Beware of Parked Debts on Your Credit Report
Friday, February 12th, 2021
Your credit report isn't a parking lot, but that doesn't stop dishonest collection agencies from treating it like one. Some collection agencies quietly place accounts on your credit report, giving you no warning, hoping you won't notice until you're in the middle of a major loan or job application. Under pressure, you're more likely to pay up without question, so the debt doesn't keep you from closing on your home, purchasing your car, or getting the job. Here's what you need to know about debt parking, from myFICO.
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Parked debts may not be legitimate, and you could be paying for a debt that's not yours, has already been paid, is outside the legally collectible time period, or is inflated beyond what you originally owed.
Just how bad is debt parking? The Federal Trade Commission recently took action against a debt collection agency that placed close to $100 million worth of fake or questionable accounts onto consumer credit reports and collected more than $24 million. This tactic, known as "debt parking," violates debt collection and credit reporting laws.
Debt parking isn't new. In 2014, the National Consumer Law Center recommended some ways the Consumer Financial Protection Bureau (CFPB) could help consumers deal with this unfair collection practice. The recent FTC action is the first of its kind but hopefully not the last.
Signs a Debt Has Been Parked on Your Credit Report
Since debt parking involves collectors covertly placing debts on your credit report, catching this sneaky tactic means being more diligent about monitoring your credit. An unexpected drop in your FICO® Score may be the first clue that a debt has been added to your credit report, especially if you've been making your monthly payments on time and you haven't taken on any new debts. Collection accounts have a big impact on your credit, and your FICO Score can tumble if a new one is added to your credit report.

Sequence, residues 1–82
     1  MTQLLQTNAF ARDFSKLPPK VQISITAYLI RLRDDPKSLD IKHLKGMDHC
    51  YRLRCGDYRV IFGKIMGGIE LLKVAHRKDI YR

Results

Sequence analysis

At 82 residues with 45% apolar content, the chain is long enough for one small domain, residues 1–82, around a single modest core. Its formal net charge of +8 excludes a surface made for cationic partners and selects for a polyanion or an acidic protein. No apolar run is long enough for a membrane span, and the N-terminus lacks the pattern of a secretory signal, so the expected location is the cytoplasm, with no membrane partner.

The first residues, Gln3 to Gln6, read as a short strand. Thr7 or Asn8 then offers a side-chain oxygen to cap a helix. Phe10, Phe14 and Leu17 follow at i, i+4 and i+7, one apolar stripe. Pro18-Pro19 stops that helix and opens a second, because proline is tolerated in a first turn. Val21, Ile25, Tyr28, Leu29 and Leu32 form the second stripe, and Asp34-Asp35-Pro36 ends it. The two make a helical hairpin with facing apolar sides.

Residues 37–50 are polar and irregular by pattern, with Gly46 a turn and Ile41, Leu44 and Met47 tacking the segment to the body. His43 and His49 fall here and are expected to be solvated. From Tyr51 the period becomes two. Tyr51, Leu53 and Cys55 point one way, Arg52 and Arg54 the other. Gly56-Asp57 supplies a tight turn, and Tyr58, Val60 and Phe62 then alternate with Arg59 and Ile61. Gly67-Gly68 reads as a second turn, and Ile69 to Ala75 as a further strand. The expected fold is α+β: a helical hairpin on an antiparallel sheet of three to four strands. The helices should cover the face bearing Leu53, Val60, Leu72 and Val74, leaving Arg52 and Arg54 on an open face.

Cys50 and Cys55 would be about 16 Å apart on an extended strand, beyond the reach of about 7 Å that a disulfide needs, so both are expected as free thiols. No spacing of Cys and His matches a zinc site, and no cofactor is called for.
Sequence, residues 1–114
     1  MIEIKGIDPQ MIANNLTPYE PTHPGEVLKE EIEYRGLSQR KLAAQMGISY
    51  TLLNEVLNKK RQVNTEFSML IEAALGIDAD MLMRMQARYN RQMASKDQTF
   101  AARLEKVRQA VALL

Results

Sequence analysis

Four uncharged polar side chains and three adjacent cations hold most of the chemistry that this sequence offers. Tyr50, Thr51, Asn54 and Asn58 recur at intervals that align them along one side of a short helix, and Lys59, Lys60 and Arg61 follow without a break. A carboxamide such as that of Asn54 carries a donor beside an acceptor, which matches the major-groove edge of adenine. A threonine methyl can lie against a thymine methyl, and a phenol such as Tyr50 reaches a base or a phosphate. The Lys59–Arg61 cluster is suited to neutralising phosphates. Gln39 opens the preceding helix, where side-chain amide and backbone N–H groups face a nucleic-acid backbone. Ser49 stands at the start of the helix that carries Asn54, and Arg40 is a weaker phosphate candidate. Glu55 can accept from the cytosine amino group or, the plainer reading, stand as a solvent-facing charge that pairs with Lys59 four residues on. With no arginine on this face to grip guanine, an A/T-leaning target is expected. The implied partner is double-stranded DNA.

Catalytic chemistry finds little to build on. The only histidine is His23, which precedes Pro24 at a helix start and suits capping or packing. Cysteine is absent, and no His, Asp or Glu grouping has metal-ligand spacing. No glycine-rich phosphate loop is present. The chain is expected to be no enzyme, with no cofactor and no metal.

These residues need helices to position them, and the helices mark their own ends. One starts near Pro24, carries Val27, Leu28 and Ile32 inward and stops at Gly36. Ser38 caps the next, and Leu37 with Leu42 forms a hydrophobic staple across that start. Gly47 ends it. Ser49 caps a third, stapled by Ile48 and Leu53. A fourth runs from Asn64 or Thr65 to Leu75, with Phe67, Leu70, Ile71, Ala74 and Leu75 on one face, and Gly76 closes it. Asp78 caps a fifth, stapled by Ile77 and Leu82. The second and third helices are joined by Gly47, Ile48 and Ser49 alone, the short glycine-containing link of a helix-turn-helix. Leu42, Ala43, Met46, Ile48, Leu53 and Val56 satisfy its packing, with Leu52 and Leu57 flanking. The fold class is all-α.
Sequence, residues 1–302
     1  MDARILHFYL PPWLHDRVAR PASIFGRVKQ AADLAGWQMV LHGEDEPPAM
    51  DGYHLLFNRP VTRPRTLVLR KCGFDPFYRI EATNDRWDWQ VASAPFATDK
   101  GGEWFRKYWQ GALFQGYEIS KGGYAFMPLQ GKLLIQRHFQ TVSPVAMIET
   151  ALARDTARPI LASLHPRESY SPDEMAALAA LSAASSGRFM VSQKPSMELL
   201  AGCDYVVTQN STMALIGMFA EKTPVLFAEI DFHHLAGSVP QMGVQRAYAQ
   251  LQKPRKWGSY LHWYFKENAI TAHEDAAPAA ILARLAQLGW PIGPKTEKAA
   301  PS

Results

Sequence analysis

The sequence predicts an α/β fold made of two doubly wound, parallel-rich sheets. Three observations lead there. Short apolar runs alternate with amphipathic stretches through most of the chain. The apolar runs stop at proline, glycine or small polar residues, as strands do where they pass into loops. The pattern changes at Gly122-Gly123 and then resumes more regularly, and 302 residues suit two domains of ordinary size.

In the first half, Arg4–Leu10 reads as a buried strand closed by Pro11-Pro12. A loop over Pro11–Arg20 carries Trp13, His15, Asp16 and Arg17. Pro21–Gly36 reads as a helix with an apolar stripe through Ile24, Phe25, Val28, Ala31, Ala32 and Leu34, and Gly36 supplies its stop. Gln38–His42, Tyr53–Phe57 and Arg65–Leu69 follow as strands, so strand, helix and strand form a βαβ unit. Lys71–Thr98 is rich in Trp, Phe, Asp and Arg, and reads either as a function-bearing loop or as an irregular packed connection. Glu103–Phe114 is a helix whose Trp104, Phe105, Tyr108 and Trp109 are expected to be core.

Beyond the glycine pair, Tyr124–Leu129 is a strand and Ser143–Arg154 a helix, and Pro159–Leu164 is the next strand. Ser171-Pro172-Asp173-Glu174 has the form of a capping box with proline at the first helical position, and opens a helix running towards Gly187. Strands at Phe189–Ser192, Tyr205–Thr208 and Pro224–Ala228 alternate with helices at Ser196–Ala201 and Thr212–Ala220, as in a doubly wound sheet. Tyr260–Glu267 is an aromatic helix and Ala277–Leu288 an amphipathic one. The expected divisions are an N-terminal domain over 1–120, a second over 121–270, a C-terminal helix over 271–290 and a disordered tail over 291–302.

This shows why it's so important to check your FICO Score regularly. A significant drop in your score is a sign to inspect your credit report closer for suspicious accounts. Without keeping track of your credit, you may not realize a fake collection account has been placed on your credit report until you apply for a mortgage, car loan, or job and your application is denied.
What Are Your Options?
Be cautious with all debt collection accounts, even if the debt seems familiar. Dig deeper to verify the debt belongs to you, that the amount is correct, that it's within the timeframe for legal collection, and the collector has the right to collect on it.
The Fair Debt Collection Practices Act gives you the right to request this proof, in writing, from a debt collector. If the collector can't cough up adequate proof of the debt, they must stop collecting on it. That includes listing the debt on your credit report.
The Fair Credit Reporting Act gives you the right to dispute inaccurate information that appears on your credit report. The reporting credit bureau is required to investigate the dispute and remove the account if the collection agency doesn't verify the debt belongs to you.
In addition to monitoring your FICO® Score, check your credit reports from the three major credit bureaus before applying for a loan or job. This way, you can verify the information and clear up inaccuracies before you're in the middle of the application process, where the stakes are much higher.